Clark County Press, Neillsville, Wisconsin

February 20, 2019, Page 9  

Contributed by "The Clark Co. Press"

Transcribed by Dolores (Mohr) Kenyon.

Index of "Oldies" Articles 

 

Compiled and Contributed by Dee Zimmerman1868


February 1904

 

Friday evening, Feb. 5, the forester team of Iron Wedge Camp, M.W.A. will give a dance at Woodman Hall. Music will be furnished by Ruth Whitcomb, Mae Phillips and Arthur Haugen. This dance will be conducted in an orderly manner and no rowdyism will be tolerated and will take the place of the regular dance scheduled for Saturday evening. The team will give these dances at different times during the winter and will no doubt prove to be occasions of much. Enjoyment. Turn out and have a good time. Admission 50’ per couple.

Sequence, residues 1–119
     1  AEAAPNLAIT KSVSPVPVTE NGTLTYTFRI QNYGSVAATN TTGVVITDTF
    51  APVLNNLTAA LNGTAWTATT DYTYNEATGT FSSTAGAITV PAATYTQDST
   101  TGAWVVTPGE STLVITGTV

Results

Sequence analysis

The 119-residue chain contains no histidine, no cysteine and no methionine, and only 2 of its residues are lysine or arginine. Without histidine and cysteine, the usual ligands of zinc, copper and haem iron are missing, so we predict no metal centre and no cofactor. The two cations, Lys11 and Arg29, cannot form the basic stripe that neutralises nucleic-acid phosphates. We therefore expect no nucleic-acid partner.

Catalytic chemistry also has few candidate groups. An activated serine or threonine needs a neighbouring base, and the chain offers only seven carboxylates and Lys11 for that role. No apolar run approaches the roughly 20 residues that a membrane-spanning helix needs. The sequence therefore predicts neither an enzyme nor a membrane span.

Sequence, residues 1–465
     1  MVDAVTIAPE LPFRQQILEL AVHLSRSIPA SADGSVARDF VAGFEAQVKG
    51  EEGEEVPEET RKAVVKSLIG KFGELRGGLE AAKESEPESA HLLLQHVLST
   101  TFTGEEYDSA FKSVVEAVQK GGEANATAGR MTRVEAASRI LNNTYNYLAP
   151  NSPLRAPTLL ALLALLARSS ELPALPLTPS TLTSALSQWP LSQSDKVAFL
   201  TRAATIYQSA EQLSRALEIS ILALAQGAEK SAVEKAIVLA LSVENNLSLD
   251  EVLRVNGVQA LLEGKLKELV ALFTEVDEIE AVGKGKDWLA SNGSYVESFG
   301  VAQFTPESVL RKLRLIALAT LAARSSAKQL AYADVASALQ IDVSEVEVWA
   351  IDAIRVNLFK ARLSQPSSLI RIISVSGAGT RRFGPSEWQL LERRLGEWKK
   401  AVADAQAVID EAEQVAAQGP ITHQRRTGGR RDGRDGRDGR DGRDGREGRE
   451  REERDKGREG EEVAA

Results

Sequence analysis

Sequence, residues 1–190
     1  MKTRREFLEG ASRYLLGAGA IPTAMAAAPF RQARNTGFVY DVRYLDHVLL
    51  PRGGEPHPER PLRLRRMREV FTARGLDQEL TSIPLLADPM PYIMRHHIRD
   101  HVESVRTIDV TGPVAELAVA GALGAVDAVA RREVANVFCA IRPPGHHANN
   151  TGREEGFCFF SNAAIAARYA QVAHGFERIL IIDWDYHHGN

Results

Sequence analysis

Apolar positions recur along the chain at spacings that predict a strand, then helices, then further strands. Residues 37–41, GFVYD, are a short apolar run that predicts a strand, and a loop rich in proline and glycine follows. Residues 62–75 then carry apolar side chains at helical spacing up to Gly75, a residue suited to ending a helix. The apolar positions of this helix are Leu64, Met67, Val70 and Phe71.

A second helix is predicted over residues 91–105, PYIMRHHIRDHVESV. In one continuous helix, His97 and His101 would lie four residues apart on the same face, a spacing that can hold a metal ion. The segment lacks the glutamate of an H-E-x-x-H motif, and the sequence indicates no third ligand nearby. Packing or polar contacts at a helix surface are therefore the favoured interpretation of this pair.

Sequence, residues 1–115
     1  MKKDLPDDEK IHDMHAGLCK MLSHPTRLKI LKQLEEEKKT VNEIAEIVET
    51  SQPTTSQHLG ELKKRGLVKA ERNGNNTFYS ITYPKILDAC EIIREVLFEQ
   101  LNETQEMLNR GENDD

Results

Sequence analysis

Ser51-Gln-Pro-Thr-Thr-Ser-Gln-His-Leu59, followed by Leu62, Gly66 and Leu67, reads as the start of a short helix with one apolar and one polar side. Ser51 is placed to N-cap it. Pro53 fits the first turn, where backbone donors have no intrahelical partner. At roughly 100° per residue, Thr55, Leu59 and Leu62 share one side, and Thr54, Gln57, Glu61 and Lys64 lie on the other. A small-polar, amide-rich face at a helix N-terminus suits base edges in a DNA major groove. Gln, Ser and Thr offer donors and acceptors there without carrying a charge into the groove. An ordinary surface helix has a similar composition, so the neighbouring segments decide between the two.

•••••••••

Twenty Bunches of Thirty Two Inch Lath for Only $1.65,

Shingles $1 Dollar and 15 cents per thousand.

Conner Retail Lumber Co. Neillsville, Wis. Ph. 181

•••••••••

Who Would Believe It? But, Never the Less It Is True! I have sold this winter to date, 22 jobs in the sleigh line from heavy bob to runner attachments, and still have on hand 3 pairs of heavy bobsleds, one light sleigh, 4 cutters, 2 sets of runners, which we will sell at a discount or will take wood in exchange, or will sell on next year terms in order to clean up and make room for spring goods to be here about the first of March. So come, look around as you know it pays to buy from a blacksmith.

 

Geo. Evans, the General Blacksmith, Neillsville.                                

•••••••••

Charles Cornelius purchased the Walk corner last Saturday, and it is rumored that a fine brick building will be erected there this summer. A few hustlers like Charley Cornelius and old Neillsville will commence to becoming spruced up.